Africa: Fresh Bid to Train Africa’s Agriculture Leaders


The Alliance for a Green Revolution in Africa (AGRA) has launched a centre to provide hands-on support for African leaders in the agriculture sector. This could help achieve food security and inclusive economic growth.

Launched on April 27 in Nairobi, the Centre for African Leaders in Agriculture (CALA) is a key part of a scale-up of investment to AGRA by the German Development Cooperation through KfW Development Bank, AGRA said through a press release.

In addition to KwF’s founding financial support and AGRA’s lead role, the Centre’s founding partners also include the African Management Institute (AMI) and USAID’s Policy LINK.

CALA represents a deepening of AGRA’s ongoing support to state capability and is complementary to the technical assistance it has been providing to transform national and regional agriculture priorities alongside government, public and private sector partners.

“Africa’s agriculture is full of opportunity. However, as the last years have shown, as a continent we also face many threats brought about by natural shocks, such as climate change, and the challenges of continental trade and policy coordination,” said Dr. Agnes Kalibata, President of AGRA in launching the centre.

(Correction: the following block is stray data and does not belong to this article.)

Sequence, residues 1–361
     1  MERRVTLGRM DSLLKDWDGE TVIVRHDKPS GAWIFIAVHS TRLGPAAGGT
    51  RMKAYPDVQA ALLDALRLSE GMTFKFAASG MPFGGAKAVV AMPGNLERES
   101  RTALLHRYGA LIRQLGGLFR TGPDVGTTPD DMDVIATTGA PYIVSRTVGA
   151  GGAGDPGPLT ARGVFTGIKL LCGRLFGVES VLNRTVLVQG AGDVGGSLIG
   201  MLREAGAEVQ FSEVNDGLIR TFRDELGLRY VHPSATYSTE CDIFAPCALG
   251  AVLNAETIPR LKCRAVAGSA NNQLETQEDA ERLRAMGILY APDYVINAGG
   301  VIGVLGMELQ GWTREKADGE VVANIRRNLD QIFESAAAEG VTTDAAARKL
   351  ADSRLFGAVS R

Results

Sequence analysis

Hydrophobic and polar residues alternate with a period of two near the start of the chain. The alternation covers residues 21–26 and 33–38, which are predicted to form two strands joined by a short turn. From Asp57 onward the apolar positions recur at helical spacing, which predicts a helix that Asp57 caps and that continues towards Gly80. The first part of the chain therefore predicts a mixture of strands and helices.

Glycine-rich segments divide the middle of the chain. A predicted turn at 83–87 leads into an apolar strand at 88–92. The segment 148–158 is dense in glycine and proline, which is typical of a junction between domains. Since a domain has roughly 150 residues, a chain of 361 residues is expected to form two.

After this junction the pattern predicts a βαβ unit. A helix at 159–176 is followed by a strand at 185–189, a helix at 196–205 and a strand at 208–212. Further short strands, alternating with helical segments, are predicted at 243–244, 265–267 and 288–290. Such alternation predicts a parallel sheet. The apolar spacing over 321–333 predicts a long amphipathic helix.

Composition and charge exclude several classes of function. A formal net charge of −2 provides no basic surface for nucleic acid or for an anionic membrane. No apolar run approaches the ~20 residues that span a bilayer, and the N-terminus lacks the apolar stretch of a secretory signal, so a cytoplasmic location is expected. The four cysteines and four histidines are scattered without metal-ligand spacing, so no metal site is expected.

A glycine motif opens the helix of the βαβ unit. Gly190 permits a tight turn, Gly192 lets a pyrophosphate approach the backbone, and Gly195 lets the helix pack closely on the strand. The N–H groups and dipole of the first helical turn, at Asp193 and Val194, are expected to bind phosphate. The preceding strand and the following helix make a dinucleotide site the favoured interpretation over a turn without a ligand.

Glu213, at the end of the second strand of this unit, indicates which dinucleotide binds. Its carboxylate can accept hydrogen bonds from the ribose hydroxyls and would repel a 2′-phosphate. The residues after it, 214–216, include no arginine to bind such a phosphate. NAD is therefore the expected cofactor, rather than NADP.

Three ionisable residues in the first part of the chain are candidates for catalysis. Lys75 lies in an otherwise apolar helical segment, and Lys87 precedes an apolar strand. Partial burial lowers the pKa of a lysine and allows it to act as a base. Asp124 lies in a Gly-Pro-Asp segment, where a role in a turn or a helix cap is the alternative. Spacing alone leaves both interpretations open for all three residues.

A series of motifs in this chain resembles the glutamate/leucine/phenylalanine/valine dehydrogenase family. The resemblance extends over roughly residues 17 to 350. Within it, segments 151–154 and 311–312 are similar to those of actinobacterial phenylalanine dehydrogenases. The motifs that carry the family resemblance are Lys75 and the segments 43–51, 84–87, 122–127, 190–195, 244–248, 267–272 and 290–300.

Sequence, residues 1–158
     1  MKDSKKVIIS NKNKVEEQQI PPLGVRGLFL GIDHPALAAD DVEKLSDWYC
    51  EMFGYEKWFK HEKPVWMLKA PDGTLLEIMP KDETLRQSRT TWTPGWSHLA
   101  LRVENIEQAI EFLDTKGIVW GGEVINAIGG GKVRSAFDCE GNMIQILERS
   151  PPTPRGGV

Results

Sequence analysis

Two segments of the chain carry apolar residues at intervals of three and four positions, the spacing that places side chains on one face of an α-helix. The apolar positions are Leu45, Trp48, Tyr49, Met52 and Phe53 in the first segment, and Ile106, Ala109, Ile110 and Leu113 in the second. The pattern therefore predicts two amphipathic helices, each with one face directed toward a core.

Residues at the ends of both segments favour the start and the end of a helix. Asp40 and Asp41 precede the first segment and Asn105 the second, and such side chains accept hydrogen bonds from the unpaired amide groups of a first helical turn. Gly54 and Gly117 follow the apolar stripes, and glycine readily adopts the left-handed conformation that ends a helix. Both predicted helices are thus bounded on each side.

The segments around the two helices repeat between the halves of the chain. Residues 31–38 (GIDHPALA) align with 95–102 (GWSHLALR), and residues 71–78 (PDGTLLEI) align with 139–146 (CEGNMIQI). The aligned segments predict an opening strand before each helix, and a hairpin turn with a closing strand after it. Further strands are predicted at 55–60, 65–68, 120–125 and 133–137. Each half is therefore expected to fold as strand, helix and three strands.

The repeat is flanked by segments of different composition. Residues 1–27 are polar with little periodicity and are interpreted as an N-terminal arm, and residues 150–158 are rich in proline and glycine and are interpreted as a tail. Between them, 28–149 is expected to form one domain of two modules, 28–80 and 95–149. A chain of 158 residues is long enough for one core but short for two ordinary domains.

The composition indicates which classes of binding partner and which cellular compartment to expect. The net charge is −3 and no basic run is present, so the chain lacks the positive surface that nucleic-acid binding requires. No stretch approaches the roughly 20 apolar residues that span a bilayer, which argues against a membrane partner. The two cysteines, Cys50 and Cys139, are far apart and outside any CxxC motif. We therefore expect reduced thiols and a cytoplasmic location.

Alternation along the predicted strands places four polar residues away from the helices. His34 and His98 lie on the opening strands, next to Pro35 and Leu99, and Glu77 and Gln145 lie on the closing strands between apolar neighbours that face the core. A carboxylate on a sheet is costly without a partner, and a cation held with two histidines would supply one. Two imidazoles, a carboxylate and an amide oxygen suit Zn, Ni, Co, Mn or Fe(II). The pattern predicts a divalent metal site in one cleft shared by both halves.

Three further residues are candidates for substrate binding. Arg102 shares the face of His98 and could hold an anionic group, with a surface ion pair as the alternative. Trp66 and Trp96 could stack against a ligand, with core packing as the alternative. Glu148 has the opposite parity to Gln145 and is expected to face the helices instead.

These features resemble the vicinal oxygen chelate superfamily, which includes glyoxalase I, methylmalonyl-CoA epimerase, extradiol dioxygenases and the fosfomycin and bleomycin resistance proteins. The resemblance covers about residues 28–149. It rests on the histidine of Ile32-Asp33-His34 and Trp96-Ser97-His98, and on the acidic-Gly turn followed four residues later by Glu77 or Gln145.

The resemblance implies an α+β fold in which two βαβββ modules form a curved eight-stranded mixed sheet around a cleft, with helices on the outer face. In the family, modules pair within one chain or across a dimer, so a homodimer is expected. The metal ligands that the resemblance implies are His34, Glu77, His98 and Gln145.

“Our experience at AGRA has taught us that achieving Africa’s food security targets and achieving inclusive economic growth will require leaders who are responsive, adaptable and collaborative, while also being ready to integrate new strategies for environmentally sustainable agriculture together with a diverse set of stakeholders.”

African Heads of State through their Malabo Declaration of June 2014, recommitted to end hunger by 2025 and reduce stunting among the continent’s children to 10 per cent.

The declaration also affirmed their commitment to enhancing investment in Agriculture and uphold 10 per cent public spending target to the sector, which is largely not implemented on the continent.

However, in 2019, experts in the agriculture sector warned that Africa was off-track to achieve the zero hunger target in less than five years come 2025.

The 2019 State of Food Security and Nutrition by the UN Food and Agriculture Organisation (FAO) show that Africa is the region with the highest prevalence of undernourishment as over 256 million Africans were hungry – almost 20 per cent of its estimated 1.2 billion population.



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